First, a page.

The question that arose in my mind upon making this discovery, was, did Mr. Du Challu kill the Gorilla and skin and preserve it? If so, he must recollect that the epidermis came off; supposing he did forget this, he had to paint the face to represent its natural condition. These facts (to which I had a witness) led me to doubt the truthfulness of Du Challu's statement, and it occurred to me that he was not aware of the state of the skin, and probably had not prepared it himself. The skin was in a wretched condition, and was much decayed, and as my examination was not directed to ascertain by what means this animal had been killed, I took less notice of the wounds than I otherwise should have done. Upon this latter subject I beg to offer a few remarks. The first object of a taxidermist is to render all the damages or wounded parts of a skin as perfect as possible, and this can be done by a skilful operator in such a manner as to render the detection of the damaged parts next to impossible. Had the beast been shot in the back, the bullet hole could have been easily closed while in a fresh condition, but not so easily after the skin was hard and dry.

The letters of correspondence to Darwin are held at Cambridge University and his other letters by the London Zoological Society, both books of memoirs were compiled and edited by his son Edward who said: Since taking up his abode in the Gardens he became a walking Zoological Encyclopaedia. Judging from the mass of correspondence, alone, which has come into my possession, it is evident that, notwithstanding his onerous and responsible duties in looking after the keepers, animals, buildings and gardens, he found time to record his experiences for the benefit of science and for the instruction and amusement of the animal-loving public.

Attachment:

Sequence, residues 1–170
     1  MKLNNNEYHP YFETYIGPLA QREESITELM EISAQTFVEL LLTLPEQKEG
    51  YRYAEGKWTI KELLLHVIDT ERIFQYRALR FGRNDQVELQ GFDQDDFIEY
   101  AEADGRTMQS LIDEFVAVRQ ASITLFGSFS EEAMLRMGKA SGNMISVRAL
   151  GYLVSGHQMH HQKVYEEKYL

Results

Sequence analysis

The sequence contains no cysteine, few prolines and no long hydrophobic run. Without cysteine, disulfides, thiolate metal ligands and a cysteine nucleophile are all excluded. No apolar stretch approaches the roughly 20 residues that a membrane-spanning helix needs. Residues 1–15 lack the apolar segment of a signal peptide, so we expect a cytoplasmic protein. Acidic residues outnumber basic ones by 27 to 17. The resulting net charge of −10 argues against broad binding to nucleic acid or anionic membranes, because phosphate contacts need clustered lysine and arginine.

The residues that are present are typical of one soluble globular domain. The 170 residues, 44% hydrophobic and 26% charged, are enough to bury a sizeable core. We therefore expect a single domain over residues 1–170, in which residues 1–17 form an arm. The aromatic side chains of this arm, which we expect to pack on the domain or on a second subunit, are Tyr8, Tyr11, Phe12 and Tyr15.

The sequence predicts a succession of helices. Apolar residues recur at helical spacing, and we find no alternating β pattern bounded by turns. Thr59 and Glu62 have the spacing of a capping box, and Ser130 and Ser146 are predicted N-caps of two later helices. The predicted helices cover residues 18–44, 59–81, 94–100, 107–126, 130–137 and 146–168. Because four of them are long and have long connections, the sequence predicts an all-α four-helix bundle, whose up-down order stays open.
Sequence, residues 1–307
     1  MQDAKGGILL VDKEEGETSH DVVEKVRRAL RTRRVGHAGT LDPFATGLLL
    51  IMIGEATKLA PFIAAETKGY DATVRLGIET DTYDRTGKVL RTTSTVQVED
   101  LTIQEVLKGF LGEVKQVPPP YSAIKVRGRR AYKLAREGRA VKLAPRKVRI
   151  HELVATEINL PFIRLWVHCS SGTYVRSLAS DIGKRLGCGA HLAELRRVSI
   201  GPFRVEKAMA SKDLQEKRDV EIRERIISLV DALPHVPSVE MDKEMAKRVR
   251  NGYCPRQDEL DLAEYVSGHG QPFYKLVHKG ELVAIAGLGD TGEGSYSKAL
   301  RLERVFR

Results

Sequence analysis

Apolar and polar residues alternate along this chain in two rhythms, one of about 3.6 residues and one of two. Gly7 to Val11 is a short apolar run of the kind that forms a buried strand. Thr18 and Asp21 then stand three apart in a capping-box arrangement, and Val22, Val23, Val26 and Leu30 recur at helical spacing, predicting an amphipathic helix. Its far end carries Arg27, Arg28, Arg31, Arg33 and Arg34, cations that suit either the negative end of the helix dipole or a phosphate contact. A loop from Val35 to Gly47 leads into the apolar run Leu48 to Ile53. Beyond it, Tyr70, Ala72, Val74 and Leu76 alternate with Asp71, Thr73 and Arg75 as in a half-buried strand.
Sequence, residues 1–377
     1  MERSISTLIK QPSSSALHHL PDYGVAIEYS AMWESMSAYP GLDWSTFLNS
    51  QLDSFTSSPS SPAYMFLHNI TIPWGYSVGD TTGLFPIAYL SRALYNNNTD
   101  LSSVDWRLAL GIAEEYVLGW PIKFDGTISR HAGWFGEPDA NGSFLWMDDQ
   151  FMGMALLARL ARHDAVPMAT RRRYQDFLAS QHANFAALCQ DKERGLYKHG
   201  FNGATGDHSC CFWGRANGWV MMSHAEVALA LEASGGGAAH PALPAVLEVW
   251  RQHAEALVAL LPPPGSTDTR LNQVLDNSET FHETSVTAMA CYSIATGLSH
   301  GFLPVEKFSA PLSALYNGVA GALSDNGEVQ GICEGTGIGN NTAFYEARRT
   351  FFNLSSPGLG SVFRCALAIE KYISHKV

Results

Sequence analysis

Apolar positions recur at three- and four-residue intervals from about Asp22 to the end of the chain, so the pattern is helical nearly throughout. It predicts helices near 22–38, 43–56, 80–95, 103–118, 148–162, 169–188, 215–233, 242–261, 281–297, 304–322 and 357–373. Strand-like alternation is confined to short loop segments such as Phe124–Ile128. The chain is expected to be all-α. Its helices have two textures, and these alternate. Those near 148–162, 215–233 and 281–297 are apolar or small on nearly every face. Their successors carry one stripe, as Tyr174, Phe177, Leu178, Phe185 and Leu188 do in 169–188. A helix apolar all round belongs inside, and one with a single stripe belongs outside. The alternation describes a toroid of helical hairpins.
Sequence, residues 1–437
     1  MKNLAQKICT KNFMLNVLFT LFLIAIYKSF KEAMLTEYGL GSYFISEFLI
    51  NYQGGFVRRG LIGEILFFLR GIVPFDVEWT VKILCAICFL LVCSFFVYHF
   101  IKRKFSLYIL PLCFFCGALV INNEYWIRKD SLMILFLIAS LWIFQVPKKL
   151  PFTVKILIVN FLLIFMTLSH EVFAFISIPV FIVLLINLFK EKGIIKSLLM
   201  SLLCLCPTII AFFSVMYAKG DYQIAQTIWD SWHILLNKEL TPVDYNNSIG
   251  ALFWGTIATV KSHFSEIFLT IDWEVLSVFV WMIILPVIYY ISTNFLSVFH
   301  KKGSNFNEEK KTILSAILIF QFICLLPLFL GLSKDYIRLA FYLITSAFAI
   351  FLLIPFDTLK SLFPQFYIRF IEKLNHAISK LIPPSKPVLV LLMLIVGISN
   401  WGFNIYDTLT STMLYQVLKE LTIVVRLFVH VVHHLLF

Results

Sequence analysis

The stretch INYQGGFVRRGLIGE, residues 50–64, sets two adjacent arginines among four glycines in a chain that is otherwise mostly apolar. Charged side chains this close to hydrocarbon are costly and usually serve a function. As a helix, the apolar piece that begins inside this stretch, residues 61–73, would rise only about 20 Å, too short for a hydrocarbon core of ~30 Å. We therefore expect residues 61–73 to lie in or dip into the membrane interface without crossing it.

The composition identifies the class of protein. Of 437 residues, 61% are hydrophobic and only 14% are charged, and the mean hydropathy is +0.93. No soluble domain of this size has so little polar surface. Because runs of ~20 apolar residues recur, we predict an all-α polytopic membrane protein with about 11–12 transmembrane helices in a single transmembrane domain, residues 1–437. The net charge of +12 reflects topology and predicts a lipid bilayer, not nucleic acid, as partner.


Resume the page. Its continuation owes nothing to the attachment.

Our side of the family descend from Abraham's son Clarence. All of Clarence's children were born in the Zoo including Daisy who was my Nan's mother. It was the family joke that 'mother was born in a Zoo'. There were some interesting memorabilia passed down including the foot of an elephant made into an umbrella stand, many gifts presented to Bartlett by visitors to the Zoo from the Queen and the Aga Khan to African weapons from the famous Chief Lobengula of Matabeleland and some tiny gloves from the smallest man in the world Tom Thumb. There was also a pair of oil paintings by the family friend Turner which hung above Daisy's fireplace in Kensington. Nanny said during the war they put them under the stairs during the blitz and when the house was bombed the staircase was the only remaining part and the paintings had gone. But the tale does not end there, when I told this to Aunt Mary after Nan had died the truth came out which was that they were so poor the bailiffs came and took the paintings

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'No Mirrors Involved'
Snow Leopards